Roque is a native New Mexican, born and raised in Santa Fe, and so familiar with local ways, he boasts that he “can see someone and tell you if they are from Santa Fe, Espanola [twenty miles north], or Las Vegas [New Mexico, not Nevada—it’s forty miles east], just by the way they walk and dress. Espanolas wear lighter colors, cowboy shirts—real ones, not fancy—and Wranglers. In Las Vegas, they are more patient, more calm. Santa Feans are faster; we move quickly; our clothes are bright. After all, we are becoming a big city.”
Santa Fe was not yet a big city when Roque, now in his mid-fifties, grew up near the Plaza, but its culture has always been a lush one, and it has long been known for its exotic food. Roque remembers well how many street vendors there used to be around town—people hawking tamales, boiled eggs, taquitos (little tacos), even pigs’ feet, from carts or walking from bar to bar, offering their wares to patrons.
It was those memories that inspired his carnita wagon. Ten years ago, after the fall harvest, Roque and three of his buddies were sitting around drinking beer and roasting chilies. They got hungry. Roque went to the refrigerator and found a rump roast. Recalling a meat-and-chili meal his mother used to make for him and his eleven brothers and sisters, he cut up the roast, cooked it with peppers, and served the mixture in flour tortillas. “If you have garlic and oregano, you can do almost anything,” says Roque, who has been in the restaurant trade most of his life. His friends liked what he served so much that they decided to start selling sandwiches of carnitas (which means “little meats” in Spanish) from a wagon on the Plaza.
The plan was that Roque would make carnitas and another of the partners would make what are known as hand pies, a kind of vernacular croque-monsieur of ham and cheese between bread cooked in a mold over an open fire. But there was a big problem: Ten years ago there were no clear laws about outdoor food vending in Santa Fe. Almost as soon as Roque opened up, the health department demanded to know, Where is the washroom? Roque pondered the question and answered with signed letters from the officer of a nearby museum and from a bigwig at the bank on the Plaza saying the Roque’s staff (he and Mona) were allowed to use their restrooms. That—and installing hot running water in the cart—got Roque a reprieve, and he soon bought out his partners and eliminated the hand pies, which weren’t selling nearly as well as the carnitas. However, as Santa Fe grew and more vendors moved onto the Plaza, the situation grew ugly. “They were crazy years,” Roque recalls about the now infamous “vendor wars” when fights broke out over who could park where. On the day the big battle (between Speedy Fred and the wiener man) took place and made front page news in the local paper, Roque himself managed to avoid becoming a casualty, he says, only because he hadn’t yet arrived that morning.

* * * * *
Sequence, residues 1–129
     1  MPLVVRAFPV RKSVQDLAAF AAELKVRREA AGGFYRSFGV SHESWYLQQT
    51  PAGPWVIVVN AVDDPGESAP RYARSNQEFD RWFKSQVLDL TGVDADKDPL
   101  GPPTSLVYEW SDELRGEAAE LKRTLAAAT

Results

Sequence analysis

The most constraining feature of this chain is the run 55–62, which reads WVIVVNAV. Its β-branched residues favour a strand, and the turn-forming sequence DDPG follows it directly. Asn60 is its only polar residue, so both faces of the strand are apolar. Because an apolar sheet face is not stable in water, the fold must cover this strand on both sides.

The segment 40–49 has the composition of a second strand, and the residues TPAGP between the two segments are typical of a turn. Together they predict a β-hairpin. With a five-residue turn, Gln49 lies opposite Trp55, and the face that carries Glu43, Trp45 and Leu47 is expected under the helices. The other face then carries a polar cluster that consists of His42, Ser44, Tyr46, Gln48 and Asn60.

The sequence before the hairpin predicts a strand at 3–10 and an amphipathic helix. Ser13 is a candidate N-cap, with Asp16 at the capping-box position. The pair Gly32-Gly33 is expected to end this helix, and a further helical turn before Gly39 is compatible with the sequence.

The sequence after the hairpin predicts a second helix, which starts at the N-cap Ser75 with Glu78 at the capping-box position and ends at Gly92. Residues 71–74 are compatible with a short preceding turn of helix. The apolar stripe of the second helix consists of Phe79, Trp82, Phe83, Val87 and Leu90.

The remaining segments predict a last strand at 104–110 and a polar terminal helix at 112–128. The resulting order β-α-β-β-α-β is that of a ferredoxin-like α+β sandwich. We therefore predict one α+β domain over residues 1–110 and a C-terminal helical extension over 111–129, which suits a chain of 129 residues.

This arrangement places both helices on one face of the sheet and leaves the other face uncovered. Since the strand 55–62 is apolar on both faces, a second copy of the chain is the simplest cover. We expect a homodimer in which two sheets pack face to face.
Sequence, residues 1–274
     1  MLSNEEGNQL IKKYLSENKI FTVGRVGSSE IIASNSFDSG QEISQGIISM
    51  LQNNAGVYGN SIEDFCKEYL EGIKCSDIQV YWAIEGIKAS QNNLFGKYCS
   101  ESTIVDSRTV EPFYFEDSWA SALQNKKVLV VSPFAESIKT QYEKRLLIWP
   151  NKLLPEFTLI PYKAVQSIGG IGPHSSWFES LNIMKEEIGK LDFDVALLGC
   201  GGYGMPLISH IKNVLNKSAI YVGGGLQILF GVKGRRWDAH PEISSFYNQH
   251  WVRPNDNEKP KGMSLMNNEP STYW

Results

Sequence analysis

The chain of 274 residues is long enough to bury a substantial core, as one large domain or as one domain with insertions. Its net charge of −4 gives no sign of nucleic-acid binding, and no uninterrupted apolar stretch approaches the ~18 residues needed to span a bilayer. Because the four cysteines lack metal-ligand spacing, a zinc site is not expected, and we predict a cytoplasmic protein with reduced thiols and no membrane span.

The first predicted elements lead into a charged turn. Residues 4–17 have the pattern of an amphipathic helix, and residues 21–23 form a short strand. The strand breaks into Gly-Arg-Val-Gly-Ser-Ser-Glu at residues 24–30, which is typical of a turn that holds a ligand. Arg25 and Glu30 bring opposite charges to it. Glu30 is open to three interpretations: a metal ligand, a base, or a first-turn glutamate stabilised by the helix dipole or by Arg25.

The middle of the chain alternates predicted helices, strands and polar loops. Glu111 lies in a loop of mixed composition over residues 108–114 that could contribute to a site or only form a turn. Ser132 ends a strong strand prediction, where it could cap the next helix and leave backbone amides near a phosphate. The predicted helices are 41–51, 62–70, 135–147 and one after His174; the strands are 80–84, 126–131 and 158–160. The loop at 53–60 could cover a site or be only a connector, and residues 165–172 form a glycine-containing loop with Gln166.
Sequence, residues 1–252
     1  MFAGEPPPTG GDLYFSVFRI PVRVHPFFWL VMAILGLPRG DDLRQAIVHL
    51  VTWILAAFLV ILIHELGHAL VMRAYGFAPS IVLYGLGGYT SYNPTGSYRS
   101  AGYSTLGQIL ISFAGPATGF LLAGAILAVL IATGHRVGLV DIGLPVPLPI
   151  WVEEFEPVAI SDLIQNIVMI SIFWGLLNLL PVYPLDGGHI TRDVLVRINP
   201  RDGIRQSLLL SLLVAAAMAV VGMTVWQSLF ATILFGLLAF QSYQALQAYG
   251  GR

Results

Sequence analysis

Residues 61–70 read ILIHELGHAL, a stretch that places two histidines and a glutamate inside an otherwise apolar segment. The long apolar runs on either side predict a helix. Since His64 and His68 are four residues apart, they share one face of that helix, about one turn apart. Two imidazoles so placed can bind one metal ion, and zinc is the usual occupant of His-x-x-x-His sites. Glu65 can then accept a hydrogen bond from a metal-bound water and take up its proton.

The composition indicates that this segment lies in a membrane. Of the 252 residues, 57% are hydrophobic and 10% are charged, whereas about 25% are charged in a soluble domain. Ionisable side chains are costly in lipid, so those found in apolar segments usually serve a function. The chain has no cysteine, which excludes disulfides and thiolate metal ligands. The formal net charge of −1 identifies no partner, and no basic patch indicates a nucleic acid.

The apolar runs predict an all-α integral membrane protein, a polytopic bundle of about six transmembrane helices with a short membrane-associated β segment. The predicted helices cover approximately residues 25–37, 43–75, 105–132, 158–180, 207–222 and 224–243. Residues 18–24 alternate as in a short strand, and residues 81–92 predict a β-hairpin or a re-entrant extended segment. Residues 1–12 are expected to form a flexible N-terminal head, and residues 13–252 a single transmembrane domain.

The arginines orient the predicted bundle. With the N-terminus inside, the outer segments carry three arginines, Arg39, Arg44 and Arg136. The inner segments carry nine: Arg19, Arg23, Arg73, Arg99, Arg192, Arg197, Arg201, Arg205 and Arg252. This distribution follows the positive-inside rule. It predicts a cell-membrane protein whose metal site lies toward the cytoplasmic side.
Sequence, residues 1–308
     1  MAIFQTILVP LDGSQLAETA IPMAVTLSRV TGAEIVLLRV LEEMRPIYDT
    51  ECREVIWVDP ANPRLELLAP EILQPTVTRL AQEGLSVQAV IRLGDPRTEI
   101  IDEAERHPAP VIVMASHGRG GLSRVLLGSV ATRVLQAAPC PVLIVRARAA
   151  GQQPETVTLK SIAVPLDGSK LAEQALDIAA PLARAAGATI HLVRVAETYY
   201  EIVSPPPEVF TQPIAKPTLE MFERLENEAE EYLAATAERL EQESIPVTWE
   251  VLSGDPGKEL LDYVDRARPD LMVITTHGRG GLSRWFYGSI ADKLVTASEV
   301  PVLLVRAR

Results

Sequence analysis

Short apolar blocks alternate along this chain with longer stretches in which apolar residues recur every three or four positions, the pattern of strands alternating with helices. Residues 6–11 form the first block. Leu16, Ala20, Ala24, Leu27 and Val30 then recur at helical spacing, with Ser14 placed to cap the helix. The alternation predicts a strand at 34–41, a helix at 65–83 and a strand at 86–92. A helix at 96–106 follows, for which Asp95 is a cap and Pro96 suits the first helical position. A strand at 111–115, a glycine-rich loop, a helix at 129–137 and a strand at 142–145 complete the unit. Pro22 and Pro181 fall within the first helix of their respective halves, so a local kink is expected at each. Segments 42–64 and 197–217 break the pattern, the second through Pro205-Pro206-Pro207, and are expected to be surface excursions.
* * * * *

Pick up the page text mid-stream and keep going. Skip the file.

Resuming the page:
Peace was established six years ago, when the city had vendors draw lots for the locations. Roque drew what was widely considered the worst spot—not even really on the Plaza, but around the corner to the northeast on Washington Avenue. No vendor had ever set up there because no one wanted to be away from the Plaza’s pedestrian traffic. And, besides, smoke from Roque’s charcoal grill tended to set off the fire alarm in the nearby Museum of Fine Arts. However, that smoke, redolent of sizzling beef and onions and peppers, also turned out to be Roque’s secret weapon. When the wind is blowing right, you can smell carnitas halfway across the Plaza, and so even those who might not see the wagon are drawn to it by the tantalizing aroma.
The side street also provides an unexpected benefit: drive-by business. The customers don’t even have to get out of their cars. Usually, Washington Avenue moves leisurely enough that many people simply pull up alongside the wagon, shout their orders, and wait a minute to pick them up. If the streets are especially congested, Mona and Roque know to look north on Washington, where approaching buyers hold their hands out of their car windows with fingers raised to indicate the number of carnitas they want. By the time they arrive at the wagon the sandwiches are wrapped and ready, cash is exchanged, and they are on their way with hot lunch.